(More editing for cleanliness)

The statement is false. I learned of this example from "James" at this blog post. If you take a nodal cubic curve (notably quasiprojective), there is a flat, unramified cover by an infinite connected chain of copies of P^1, each glued transversely to its successor at a point. This is not profinite. If I'm not mistaken, the etale fundamental group of the nodal cubic over a separably closed field (with a chosen basepoint) is $\mathbb{Z}$, not its profinite completion.

**Edit:** Regarding the correct definition of etale fundamental group: In SGA1 Exp 5, Grothendieck (and Mme. Raynaud?) build up axiomatics for the theory of the fundamental group using only profinite sets, and the group is defined following one peculiar claim. In the beginning of Exp 5 Section 7, there is the assertion that for any connected locally noetherian scheme $S$, and any geometric point $a: \ast \to S$, the functor that takes an etale cover $X \to S$ to the set of geometric points over $a$ (with the usual morphisms) lands in the category of finite sets. The example I gave above seems to contradict this, but if you look in Exp 1, you find that all of SGA1 is written under a definition of etale morphisms that assumes that they are finite type (which this example is not). Anyway, one reason why Pete Clark only sees profinite definitions for the etale fundamental group, is that people like to use finite type morphisms, while etale morphisms only have to be locally of finite presentation (according to EGA4, and Wikipedia I guess).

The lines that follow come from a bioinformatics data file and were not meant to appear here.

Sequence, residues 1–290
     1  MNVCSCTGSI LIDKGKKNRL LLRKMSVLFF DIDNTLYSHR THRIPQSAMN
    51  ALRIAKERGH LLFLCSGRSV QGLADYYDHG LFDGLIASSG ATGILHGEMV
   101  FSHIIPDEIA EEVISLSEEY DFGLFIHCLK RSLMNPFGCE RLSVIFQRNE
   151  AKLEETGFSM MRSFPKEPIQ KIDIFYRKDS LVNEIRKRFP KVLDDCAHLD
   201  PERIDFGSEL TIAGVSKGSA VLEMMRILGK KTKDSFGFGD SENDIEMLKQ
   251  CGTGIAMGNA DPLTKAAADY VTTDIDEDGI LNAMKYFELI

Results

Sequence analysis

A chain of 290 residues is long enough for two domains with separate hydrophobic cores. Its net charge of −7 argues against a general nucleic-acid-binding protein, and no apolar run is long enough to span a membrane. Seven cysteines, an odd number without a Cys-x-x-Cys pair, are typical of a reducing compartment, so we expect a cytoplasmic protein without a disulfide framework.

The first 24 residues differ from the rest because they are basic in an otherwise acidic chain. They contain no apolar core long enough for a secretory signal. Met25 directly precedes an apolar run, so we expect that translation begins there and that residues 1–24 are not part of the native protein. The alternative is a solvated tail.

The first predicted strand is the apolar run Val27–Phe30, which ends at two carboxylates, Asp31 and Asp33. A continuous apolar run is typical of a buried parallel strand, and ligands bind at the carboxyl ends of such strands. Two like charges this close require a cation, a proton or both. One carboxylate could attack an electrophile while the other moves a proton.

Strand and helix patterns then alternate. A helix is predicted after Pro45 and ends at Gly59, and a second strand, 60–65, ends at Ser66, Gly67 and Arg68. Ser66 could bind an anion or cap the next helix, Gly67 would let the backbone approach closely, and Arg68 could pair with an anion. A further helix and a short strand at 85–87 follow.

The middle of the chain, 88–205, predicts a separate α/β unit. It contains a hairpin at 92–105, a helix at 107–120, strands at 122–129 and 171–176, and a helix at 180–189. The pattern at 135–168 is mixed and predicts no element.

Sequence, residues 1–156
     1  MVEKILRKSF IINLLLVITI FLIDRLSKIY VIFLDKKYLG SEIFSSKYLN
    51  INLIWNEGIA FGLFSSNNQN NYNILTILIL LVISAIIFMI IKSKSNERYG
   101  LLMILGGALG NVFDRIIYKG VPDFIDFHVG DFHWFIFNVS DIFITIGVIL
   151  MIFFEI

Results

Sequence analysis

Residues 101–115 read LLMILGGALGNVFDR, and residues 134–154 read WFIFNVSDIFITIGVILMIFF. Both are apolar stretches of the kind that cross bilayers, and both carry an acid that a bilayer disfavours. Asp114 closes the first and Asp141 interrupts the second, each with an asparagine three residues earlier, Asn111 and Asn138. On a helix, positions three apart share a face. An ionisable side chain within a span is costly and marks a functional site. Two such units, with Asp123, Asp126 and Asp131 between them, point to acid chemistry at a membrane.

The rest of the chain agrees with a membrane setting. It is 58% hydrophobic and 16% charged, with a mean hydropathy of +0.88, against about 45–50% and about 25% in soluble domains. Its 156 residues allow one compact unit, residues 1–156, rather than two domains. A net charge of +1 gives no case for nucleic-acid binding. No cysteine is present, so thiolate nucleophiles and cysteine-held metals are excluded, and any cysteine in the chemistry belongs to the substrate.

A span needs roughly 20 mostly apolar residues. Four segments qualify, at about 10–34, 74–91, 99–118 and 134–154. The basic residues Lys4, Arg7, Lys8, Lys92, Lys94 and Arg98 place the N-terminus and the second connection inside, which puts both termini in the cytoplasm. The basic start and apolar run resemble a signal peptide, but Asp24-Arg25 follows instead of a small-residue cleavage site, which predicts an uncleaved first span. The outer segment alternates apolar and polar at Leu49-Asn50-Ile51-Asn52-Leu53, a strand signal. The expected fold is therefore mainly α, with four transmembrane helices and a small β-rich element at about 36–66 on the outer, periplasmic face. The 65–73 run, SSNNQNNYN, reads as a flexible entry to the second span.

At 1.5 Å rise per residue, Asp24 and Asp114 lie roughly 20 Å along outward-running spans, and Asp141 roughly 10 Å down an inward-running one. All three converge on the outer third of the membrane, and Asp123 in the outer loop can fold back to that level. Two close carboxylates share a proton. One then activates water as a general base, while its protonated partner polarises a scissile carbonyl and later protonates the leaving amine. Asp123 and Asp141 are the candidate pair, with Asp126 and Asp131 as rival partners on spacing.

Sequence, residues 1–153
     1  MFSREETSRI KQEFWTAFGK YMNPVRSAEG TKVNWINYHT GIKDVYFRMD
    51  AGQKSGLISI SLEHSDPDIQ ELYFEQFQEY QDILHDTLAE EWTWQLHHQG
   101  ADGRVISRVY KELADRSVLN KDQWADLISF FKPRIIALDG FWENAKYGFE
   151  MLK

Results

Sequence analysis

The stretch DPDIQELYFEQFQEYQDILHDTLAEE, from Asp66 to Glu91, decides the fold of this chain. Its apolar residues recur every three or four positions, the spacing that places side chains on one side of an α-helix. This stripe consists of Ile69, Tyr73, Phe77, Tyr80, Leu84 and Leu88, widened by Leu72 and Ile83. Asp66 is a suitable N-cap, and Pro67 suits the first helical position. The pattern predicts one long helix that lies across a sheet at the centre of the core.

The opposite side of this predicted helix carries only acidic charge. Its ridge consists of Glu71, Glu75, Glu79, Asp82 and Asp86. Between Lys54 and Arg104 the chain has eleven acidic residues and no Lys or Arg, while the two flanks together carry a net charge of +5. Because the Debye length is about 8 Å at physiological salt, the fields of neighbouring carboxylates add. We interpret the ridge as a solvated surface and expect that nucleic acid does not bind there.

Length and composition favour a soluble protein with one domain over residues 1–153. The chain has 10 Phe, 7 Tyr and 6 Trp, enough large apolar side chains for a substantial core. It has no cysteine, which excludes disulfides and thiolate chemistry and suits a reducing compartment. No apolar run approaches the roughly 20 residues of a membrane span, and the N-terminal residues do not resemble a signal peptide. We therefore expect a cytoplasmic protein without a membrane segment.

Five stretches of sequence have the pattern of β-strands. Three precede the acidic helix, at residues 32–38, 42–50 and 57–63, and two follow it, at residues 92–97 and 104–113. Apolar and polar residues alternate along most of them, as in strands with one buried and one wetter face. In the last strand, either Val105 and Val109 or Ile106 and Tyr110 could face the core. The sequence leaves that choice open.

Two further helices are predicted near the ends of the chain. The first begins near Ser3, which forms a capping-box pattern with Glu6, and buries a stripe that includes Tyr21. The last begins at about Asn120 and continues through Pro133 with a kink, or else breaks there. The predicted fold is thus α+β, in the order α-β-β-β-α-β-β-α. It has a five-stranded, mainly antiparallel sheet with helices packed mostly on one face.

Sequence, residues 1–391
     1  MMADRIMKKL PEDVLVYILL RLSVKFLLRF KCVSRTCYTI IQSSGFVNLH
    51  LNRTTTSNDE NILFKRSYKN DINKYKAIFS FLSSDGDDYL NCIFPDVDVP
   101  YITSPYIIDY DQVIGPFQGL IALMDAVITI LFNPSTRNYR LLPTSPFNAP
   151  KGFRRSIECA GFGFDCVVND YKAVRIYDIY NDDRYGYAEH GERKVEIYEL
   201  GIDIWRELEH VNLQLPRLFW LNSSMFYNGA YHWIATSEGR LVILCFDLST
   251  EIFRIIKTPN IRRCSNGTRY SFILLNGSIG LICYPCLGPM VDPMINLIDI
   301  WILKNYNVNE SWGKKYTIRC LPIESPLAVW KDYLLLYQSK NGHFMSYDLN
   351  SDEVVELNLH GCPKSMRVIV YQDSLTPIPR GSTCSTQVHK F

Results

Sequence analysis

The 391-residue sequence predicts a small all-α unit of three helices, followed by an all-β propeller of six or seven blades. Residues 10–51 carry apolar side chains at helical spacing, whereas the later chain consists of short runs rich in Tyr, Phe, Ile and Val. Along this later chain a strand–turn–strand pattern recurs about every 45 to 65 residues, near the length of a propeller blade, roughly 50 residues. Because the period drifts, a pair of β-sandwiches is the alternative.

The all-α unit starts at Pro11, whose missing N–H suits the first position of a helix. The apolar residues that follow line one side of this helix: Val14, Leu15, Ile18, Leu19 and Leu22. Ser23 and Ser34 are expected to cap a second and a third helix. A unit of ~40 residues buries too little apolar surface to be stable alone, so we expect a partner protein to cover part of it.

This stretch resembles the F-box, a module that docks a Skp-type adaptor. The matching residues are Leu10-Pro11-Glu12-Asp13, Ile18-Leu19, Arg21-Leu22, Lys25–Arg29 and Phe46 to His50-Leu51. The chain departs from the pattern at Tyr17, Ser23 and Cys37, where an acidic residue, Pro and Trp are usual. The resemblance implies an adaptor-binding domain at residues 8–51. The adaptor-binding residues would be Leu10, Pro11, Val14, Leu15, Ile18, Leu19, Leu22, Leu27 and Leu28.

As for the question of infinite degree etale covering maps between locally finite type geometrically integral schemes, I don't think one exists, since (if I'm not mistaken) you automatically get an infinite degree algebraic extension of function fields, which is therefore infinitely generated. I'm having trouble thinking through the details of this, though.